What Employers Want – Part 2

What do today’s business leaders want in recent graduates? According to yet another survey, business leaders feel that students do not graduate with appropriate knowledge and applied skills. Having worked for many years in industry, part of what drives this view is surely the desire among business leaders to reduce training costs for new hires and to shift applied skills training to public higher education. It is an attempt to expand benefits to private enterprise at public expense, and also create opportunities for new competency-based education providers. See the full survey report here.

Public higher education, of course, resists this, but they will respond to the criticism to greater or lesser extents. Many will eventually figure out that despite being responsive to business leaders’ interests, they had little intention of hiring lots of people, at least in the near-term, and perhaps longer. In the past I have blogged about what employers want professors to teach and the purported existence of a skills gap among new graduates. I attributed this as an excuse for employers to avoid hiring people.

Let’s assume that business leaders’ actually want to hire people, but the knowledge and skills new graduates possess is inappropriate. What else could be driving this view? It could be that an impression has formed among business leaders that technology changes the knowledge and skills needed. This is true to an extent, but many, if not most of today’s students are technology savvy as technology users, coders, or both. So, business leaders’ impression could be incorrect because they do not know for a fact the knowledge and skills new graduates possess. Instead, they seem to rely on hearsay from their peers, resulting in groupthink – the opposite of critical thinking that professors tried so hard to teach business leaders. If the CEO of General Electric said it, then it must be true. But, why is it that google has no problem finding people with needed skills and competencies, yet Caterpillar can’t?

If we continue to see this as a people problem, then all that is accomplished is to make people defensive, unhappy, and respond in ways that do not correct the problem. Instead, let’s look at it from a process perspective, because that eliminates blame and focuses people on understanding the true nature of the problem and making tangible improvements.

What if the process use to determine key job requirements for new graduates is flawed and results in incorrect specifications or, more likely, over-specification? A long list of requirements greatly narrows the field of potential candidates and likely includes many requirements that are actually needed to do the job. Over-specification – just-in-case, to cover all bases, or to appease the boss – makes follow-on processes (interviewing, evaluating candidates, and hiring) more difficult.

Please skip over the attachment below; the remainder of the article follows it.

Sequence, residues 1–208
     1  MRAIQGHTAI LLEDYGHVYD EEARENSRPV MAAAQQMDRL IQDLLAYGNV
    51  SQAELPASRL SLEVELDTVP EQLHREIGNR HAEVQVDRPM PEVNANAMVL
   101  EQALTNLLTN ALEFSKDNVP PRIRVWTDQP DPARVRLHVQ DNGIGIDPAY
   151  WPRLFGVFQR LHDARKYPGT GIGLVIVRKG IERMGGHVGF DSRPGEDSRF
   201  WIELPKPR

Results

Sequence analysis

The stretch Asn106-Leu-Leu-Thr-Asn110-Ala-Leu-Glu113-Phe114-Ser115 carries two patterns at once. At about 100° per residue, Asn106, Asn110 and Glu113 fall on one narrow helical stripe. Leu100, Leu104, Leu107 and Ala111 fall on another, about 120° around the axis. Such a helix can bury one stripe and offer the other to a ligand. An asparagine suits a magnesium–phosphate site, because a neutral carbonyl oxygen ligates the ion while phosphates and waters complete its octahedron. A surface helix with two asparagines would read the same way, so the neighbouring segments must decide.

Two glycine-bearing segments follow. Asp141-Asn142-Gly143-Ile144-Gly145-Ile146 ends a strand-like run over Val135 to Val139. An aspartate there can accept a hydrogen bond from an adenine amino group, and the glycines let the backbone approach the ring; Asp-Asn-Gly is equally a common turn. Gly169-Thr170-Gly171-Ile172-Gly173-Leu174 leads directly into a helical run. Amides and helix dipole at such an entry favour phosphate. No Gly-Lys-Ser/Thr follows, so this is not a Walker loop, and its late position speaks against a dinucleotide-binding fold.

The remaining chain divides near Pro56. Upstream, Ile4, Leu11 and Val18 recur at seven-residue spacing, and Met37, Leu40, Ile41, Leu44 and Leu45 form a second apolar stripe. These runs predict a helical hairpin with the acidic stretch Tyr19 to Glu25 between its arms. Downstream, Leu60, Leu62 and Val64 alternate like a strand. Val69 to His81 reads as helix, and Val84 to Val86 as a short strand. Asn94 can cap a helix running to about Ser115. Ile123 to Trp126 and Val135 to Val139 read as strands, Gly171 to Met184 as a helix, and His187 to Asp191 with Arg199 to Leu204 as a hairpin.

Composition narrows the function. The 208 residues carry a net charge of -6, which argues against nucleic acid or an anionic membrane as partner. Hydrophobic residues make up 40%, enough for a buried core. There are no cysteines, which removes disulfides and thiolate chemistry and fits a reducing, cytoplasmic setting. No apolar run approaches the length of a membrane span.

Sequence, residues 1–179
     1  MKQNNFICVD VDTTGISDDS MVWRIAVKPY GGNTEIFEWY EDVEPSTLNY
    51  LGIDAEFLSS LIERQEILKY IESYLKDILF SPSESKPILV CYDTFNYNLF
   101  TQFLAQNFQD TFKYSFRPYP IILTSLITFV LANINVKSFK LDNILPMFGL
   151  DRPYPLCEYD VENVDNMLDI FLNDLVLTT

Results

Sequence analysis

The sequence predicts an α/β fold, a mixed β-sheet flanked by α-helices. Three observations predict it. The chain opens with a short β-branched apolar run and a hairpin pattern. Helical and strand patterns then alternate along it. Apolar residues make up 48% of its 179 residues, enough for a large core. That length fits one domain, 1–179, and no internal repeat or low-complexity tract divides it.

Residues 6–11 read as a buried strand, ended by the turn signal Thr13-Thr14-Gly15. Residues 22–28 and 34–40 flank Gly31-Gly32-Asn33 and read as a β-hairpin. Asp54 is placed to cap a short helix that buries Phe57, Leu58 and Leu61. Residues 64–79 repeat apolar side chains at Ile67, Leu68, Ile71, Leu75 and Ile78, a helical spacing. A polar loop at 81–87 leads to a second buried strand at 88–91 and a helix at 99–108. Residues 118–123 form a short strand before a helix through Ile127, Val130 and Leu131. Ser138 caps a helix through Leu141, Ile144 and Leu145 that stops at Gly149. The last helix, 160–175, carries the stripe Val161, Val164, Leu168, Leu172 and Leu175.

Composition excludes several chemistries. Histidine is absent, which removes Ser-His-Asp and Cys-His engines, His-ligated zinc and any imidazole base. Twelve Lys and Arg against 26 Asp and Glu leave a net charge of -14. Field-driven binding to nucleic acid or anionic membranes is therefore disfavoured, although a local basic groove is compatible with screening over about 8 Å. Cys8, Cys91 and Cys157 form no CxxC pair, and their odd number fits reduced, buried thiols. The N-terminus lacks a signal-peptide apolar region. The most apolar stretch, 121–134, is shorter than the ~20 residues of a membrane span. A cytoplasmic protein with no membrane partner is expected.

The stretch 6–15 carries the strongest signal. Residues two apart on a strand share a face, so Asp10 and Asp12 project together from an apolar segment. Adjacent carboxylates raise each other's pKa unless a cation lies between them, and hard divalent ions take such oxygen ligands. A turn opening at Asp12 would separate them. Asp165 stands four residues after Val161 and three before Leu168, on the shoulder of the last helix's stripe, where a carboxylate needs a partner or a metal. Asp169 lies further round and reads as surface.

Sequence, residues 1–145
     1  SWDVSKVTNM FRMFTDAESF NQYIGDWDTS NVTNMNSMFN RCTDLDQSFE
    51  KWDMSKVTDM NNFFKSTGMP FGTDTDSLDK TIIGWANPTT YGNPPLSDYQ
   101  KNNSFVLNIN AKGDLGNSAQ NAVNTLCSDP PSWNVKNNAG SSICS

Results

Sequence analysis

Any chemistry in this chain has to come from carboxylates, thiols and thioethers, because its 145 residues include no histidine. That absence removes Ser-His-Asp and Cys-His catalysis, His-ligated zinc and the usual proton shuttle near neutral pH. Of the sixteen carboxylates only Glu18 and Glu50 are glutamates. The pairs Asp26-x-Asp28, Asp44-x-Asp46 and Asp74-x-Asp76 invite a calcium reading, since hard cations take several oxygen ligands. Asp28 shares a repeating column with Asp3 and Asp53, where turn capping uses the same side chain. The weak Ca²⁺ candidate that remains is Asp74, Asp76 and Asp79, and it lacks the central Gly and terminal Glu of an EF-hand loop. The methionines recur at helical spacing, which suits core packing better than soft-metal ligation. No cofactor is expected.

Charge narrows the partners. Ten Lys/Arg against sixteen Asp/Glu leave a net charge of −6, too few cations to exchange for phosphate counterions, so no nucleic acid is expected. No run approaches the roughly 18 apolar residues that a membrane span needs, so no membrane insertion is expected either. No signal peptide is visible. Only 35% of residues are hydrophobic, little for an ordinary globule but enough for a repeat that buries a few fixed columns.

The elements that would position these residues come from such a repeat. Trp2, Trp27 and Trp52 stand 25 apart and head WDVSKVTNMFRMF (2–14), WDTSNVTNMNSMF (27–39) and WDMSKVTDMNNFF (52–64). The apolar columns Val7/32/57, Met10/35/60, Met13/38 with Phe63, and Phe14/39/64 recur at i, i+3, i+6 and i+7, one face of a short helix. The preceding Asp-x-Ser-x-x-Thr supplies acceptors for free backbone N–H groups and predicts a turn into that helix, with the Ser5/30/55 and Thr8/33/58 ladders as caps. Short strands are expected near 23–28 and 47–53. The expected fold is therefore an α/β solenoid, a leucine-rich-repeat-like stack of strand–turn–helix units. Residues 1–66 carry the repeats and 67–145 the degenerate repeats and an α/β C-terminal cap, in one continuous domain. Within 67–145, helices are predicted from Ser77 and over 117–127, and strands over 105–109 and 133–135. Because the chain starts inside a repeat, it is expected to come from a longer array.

What if the hiring process results in hiring people who interview well, but who do not do good work. Managers are easily taken in by good bullshitters (confirming evidence bias). Perhaps, finally, business leaders are seeing the effects of over-specifying job requirements and bad hiring processes, which rewards good bullshitting skills rather than knowledge, skills, and work ethic. Perhaps our proud, data-driven business leaders should get some data – and, crucially, facts – to support their opinion on skills gaps.

For about 10 years I taught an undergraduate course on leadership skills for supervisors, during which we discusses the hiring processes. I asked each class if anyone had ever been wowed by a hiring process. None had. Nearly everyone said hiring processes that they had experienced were slow, cumbersome, filled with unthinking, idiotic interview questions, and disrespectful to applicants in the lack of timely response or feedback. Most hiring processes make a bad first impression, which students talk about to their peers.

My recommendation to business leaders is to look inside your own organizations, at your own process, and also gain some facts and data to see of your perception of a skills gap is accurate or not. In tandem, you should kaizen your processes for identifying key job requirements, interviewing and evaluating candidates, and your overall hiring process so that you wow our graduates. Maybe then you’ll hire people who have the knowledge, skills, work ethic, and quality of work output that you are looking for.

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